The previous Obama Administration has long been opposed to joining the Beijing-led development bank initiative called the Asian Infrastructure Investment Bank (AIIB). U.S. concerns over the bank include transparent procurement, environmental and social safeguards, good governance, and additionality—given the existing and wide-ranging operations of the World Bank, International Finance Corporation (IFC), Asian Development Bank (ADB) and the European Bank for Reconstruction and Development (EBRD).
Despite U.S. objections and concerns, China’s $100 billion initiative seems determined in its quest for respectability and prominence. Now it appears that the U.S. will be one of the few major countries (along with Japan) not to back Beijing’s initiative. The Financial Times recently reported around 25 African, European and South American countries are due to join the bank this year, which was founded in January 2016 by 57 shareholder countries. Among the founding members are Singapore, Britain, Australia, France, Germany and Spain.
Following Chinese President Xi Jinping’s comments at the World Economic Forum in Davos, it would seem to some that Beijing has superseded Washington in pushing forward a liberal, globalized order. Beijing is also using the AIIB to further its efforts at soft power. Jin Liqun, the Chinese president of the AIIB recently argued, “China needs to do something that can help it be recognized as a responsible leader.”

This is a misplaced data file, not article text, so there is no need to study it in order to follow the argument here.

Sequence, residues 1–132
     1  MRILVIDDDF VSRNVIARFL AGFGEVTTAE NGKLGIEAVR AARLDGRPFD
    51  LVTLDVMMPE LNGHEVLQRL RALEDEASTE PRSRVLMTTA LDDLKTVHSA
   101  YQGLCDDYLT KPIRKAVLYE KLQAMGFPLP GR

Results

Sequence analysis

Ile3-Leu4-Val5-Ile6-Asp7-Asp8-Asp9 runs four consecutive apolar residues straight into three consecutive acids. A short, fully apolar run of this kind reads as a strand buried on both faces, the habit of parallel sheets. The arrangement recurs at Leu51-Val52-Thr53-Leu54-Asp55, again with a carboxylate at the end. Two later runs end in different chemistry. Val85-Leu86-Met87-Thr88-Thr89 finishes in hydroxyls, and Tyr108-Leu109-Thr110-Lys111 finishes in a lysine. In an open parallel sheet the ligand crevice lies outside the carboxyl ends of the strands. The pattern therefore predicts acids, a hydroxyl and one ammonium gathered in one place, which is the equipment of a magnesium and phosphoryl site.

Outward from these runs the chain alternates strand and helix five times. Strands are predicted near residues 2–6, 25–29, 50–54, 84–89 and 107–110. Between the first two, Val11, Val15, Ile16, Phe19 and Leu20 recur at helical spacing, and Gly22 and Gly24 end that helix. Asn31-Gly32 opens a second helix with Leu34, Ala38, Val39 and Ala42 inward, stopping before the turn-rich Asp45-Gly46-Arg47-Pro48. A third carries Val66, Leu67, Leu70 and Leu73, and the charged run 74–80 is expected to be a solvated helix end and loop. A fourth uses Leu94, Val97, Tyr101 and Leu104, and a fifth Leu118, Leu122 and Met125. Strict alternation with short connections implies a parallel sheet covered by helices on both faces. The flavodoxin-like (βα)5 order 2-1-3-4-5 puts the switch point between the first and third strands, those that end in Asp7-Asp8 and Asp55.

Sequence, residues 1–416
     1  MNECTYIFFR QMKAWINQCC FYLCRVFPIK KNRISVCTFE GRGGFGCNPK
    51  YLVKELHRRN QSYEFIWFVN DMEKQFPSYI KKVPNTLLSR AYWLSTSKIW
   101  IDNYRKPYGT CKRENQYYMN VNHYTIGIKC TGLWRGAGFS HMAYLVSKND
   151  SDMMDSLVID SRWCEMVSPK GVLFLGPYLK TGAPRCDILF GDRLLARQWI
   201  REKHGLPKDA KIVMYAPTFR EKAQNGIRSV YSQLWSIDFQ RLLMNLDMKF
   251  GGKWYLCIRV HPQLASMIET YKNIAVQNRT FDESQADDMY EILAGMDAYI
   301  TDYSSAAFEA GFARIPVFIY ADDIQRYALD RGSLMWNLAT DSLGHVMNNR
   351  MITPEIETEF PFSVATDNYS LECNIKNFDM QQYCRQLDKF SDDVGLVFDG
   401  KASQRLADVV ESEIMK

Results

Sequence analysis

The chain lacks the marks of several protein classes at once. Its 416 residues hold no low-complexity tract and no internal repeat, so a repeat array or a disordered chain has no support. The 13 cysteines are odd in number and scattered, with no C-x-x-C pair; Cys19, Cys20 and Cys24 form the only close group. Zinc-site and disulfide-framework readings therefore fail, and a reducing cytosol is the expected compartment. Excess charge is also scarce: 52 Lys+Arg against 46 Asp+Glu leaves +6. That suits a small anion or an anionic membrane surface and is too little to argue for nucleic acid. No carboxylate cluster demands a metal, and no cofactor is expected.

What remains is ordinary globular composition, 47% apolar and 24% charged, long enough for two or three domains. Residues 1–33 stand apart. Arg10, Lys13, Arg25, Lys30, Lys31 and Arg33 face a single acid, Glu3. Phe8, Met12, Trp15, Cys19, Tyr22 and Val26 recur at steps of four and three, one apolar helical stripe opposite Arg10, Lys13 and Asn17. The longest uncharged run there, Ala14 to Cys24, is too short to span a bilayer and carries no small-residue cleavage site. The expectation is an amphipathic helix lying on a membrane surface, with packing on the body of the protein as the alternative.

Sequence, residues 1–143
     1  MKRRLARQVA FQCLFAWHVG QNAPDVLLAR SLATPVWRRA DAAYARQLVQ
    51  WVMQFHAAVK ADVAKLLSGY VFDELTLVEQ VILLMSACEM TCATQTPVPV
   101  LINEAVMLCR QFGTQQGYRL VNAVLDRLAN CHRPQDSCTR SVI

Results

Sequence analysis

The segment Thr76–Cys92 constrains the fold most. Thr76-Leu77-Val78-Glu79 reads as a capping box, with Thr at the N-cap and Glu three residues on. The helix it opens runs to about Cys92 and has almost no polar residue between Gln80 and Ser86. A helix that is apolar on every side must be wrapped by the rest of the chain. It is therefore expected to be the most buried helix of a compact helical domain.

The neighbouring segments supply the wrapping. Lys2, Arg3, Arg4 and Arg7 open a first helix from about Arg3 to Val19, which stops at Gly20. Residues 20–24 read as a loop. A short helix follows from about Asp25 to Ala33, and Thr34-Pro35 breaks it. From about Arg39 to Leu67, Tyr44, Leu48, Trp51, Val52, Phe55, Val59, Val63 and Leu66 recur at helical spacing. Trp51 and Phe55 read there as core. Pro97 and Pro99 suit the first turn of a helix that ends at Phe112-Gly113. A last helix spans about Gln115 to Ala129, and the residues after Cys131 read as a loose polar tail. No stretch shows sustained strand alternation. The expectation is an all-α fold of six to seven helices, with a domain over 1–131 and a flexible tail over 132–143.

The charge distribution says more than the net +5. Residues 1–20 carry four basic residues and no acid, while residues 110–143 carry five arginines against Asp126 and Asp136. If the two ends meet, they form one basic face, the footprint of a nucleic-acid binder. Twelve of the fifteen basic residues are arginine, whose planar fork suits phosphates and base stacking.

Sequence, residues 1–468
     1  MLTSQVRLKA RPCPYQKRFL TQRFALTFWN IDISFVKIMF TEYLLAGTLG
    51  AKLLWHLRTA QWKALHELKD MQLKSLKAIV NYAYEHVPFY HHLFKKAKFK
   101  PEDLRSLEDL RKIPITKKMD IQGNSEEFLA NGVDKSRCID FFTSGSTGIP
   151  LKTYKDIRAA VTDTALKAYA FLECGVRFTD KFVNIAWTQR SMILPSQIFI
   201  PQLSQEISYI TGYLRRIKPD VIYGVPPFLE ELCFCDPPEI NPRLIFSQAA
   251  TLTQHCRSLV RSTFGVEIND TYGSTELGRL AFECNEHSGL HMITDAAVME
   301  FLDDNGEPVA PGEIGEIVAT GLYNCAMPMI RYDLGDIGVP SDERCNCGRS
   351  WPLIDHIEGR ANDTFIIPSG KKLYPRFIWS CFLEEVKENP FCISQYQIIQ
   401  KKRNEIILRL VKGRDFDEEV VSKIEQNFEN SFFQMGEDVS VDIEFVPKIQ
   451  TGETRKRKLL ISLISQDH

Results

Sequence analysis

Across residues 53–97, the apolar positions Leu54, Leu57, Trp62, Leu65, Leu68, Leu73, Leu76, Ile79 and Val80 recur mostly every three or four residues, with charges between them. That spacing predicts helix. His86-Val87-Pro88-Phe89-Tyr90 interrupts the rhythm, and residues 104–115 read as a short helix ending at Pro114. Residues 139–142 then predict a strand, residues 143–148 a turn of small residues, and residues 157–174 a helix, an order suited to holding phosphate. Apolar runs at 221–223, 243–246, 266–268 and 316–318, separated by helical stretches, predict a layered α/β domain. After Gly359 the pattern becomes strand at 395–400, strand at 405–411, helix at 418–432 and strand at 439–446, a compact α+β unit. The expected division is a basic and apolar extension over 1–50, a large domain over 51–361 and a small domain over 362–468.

In light of the “America First” inauguration speech by U.S. President Donald Trump, and inflammatory rhetoric from his cabinet nominees toward China, it is highly unlikely the new Trump Administration will join any Beijing-led initiative.
Critics say in refusing to join, the U.S. will forfeit any say in how the AIIB is run, including any input on environmental safeguards, transparency on potential corruption. Hopefully, other responsible founding shareholder countries should be able to impose, monitor and enforce protective measures. In addition, some of the AIIB’s nine current projects involve co-financing arrangements with other multilateral banks such as the World Bank, which has its own set of rules to deter unfair play and abuses.
Yet other multilateral banks, such as the World Bank, have been faulted in the past for their association with environmentally questionable and potentially corrupt projects. Despite this potential, and with or without U.S. membership, the AIIB still deserves a chance to offer a new alternative and prove itself to be a viable development finance institution.